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How to Shop for Fabric You’ll Actually Sew

6 fabric shopping rules to help you stop impulse buying fabric you don’t use.

Posted in: Fabric & Textiles • October 12, 2022

Impulse shopping has a purpose, even in sewing. If you’re really hungry while waiting in line at the grocery store, grabbing a granola bar is not a bad idea. You probably have a tchotchke in your home that you bought on impulse, but it’s now a significant little trinket in your life. And if you fall in love with a fabric at first sight, it might spark a really spur-of-the-moment creative idea.

But if you buy too much fabric, have yards of unused fabric getting dusty in your stash, or you aren’t sure if you’re buying the right fabric for your projects, you might need to implement some firm fabric shopping rules. Here are 6 fabric shopping rules to follow.

1. Don't buy on a whim unless you'd sew it on a whim

If you find a fabric you will reach for any time you sew from your stash, it might be a contender to buy on a whim. Do you sew with linen all the time? Do you love to wear lightweight cottons? Make a list of the fabrics you sew and wear often.

This rule doesn’t forbid you from making impulse purchases but gives you a guideline. It helps you ask, “is this fabric going to be practical for me in my life?”

2. Buy in your color palette

Sometimes you see something in a color that works really well on somebody else or just looks great on the hanger or bolt, and you fall in love with it. So you bring it home, and you don't have any clue what to do with it. You don't feel right in it. So your unused fabrics are often in the colors you don’t wear.

Knowing your color palette adds another filter to your fabric shopping. Look at the clothes you wear. If you don’t see that color anywhere in your closet, maybe it doesn’t belong there. It might, if you’re looking to add more color or you want to try something new, but there is a high chance that the fabric will go unsewn.

3. Buy fibers you’ll actually wear

If you're somebody who only wears natural fibers and you see a beautiful fabric, but it's in polyester, that might not be a fabric you're actually going to wear. So really consider the fiber when you're looking at fabric. What makes you comfortable? What do you feel good wearing, both physically and mentally? Do you like to sew with a fabric that presses easily? Or do you love the idea of knits, but you don't actually enjoy sewing with them?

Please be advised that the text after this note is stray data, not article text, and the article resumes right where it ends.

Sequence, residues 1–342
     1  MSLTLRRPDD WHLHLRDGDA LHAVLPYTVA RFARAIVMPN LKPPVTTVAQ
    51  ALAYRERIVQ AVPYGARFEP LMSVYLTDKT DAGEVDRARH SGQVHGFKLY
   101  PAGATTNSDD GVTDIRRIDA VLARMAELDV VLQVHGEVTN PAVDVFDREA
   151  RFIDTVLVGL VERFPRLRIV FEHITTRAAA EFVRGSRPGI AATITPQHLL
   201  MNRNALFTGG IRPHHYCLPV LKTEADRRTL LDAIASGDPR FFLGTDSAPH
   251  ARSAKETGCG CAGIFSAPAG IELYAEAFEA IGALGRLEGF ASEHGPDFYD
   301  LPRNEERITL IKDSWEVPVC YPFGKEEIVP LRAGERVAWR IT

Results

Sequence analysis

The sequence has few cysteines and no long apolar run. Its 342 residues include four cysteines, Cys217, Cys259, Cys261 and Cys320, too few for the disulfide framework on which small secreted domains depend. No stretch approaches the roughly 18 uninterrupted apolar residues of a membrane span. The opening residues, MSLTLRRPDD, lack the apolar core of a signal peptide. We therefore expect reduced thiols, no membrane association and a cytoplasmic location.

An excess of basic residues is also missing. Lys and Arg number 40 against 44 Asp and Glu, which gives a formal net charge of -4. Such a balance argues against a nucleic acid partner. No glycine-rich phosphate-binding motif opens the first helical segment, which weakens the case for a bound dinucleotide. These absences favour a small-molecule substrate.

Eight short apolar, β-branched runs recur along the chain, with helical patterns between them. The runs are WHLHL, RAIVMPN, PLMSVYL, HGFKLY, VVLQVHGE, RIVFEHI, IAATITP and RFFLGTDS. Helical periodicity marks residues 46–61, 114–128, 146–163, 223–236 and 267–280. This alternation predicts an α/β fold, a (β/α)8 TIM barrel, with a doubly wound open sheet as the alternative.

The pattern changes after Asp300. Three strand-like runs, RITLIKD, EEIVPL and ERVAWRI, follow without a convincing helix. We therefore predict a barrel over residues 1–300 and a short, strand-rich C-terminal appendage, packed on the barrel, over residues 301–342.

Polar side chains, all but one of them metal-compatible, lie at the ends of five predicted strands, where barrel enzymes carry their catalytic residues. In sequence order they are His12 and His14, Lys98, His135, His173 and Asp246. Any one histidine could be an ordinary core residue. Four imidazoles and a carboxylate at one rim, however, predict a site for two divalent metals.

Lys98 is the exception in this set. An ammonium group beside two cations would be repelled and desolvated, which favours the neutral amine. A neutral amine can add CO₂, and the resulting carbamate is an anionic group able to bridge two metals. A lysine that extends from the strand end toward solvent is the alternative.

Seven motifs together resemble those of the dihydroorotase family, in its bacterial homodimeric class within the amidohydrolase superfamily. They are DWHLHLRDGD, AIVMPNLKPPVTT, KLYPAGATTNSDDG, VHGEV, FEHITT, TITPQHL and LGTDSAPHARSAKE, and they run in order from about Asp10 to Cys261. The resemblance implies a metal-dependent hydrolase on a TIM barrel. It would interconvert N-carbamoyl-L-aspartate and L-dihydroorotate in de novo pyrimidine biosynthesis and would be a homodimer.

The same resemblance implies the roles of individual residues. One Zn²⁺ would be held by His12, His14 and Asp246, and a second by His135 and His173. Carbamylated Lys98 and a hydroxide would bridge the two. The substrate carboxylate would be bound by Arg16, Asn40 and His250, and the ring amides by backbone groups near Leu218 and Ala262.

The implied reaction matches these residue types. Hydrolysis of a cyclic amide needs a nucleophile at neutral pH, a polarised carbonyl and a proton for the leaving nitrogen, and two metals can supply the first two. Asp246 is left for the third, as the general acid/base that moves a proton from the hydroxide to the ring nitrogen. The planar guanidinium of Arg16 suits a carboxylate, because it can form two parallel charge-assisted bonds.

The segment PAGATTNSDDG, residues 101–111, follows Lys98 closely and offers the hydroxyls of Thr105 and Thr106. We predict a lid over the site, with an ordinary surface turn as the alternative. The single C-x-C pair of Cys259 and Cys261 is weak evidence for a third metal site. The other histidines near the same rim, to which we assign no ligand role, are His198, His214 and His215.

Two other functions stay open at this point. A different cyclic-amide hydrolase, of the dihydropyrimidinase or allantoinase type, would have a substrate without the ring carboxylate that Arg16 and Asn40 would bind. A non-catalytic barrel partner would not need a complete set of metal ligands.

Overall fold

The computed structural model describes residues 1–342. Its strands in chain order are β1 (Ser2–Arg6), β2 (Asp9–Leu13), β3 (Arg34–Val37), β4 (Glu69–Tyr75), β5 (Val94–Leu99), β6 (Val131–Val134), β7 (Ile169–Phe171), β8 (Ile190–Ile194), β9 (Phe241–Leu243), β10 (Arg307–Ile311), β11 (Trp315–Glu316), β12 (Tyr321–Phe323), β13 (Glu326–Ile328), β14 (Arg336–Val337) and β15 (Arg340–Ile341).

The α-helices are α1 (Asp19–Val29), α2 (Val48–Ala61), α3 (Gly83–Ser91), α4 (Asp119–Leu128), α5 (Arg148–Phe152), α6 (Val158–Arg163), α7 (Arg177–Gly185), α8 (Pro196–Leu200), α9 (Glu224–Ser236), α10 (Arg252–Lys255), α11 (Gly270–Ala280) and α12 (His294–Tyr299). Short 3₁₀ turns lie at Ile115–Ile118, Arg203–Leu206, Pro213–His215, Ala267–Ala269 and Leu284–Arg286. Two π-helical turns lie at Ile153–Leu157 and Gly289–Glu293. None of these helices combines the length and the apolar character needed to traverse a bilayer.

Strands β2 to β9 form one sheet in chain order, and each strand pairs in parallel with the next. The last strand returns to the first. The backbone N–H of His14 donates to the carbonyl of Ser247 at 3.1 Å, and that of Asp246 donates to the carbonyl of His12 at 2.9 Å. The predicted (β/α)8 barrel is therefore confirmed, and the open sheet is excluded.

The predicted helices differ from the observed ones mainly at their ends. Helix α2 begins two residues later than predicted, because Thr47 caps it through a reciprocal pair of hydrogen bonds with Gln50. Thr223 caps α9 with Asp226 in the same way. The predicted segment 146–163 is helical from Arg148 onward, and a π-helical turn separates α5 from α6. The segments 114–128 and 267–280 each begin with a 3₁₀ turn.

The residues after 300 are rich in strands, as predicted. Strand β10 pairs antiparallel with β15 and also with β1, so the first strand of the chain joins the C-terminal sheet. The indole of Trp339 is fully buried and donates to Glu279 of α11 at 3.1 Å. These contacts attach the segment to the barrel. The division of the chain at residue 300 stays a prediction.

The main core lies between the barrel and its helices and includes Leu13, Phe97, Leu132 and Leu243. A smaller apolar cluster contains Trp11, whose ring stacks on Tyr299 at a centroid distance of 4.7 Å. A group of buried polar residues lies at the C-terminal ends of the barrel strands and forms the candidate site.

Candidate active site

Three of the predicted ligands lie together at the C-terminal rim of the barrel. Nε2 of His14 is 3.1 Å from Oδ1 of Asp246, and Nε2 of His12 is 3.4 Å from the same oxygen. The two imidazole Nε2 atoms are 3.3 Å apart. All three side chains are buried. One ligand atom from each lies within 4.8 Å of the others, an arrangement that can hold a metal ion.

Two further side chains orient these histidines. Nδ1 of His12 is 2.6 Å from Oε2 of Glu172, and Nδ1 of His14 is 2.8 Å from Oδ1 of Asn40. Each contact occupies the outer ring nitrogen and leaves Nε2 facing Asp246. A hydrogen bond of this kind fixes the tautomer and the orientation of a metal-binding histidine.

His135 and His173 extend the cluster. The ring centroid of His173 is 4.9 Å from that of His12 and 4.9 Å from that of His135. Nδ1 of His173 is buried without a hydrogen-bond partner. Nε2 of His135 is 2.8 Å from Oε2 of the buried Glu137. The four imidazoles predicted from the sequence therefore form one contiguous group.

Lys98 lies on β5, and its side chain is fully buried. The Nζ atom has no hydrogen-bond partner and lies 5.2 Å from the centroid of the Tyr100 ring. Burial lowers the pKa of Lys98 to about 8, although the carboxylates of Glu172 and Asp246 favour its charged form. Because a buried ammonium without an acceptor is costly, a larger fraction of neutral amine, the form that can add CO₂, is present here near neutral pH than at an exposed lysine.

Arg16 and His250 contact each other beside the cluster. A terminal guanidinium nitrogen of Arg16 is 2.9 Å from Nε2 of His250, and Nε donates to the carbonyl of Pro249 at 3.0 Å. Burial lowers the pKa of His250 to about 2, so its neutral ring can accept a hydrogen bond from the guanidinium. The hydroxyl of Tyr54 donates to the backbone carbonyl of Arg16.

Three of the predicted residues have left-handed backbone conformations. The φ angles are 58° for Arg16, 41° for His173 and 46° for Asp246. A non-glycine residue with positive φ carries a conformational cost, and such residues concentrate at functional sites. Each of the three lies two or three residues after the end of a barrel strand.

You can also consider fibers by season. Sometimes you can save money buying off-season. Knowing your favorite fibers can help you take advantage of sales.

4. Spend time with some swatches

The antidote to impulsive decisions is time. So, give yourself some time and distance by taking a swatch home with you from a fabric store or ordering one online. If you’re feeling at all on the fence about a fabric, a swatch will cost less in the long run than yardage you won’t use.

Swatches are also a good way to feel productive without feeling like you’re missing out. If you’re afraid of missing out on a fabric, it doesn’t hurt to ask the fabric shop if they can set it aside for a day for you to decide.

5. Drape the fabric on your body

You might feel awkward doing this, but it can help sway your decision. Find a mirror, bring the bolt, and drape some of the fabric over your body. It will show you how the fabric will look when you wear it, and you can get a sense of how much you like the color. Try draping it like a top, a dress, or bottoms to see where you like it on your body.

6. There will be more fabric

You can’t buy every fabric you love, so you’re always missing out on something. That’s ok. Chances are you have a stash full of some pretty cool fabrics at home. When you feel particularly upset about passing up a fabric, remember that there will always be more.

Bonus tip: Create a Venn diagram

With all the tips above, you can create a Venn diagram for the fabric you sew and wear the most. Think about the colors, prints, and fibers you like best, and you can confidently impulse purchase fabrics that sit at the center of your Venn diagram—especially if they are on sale.

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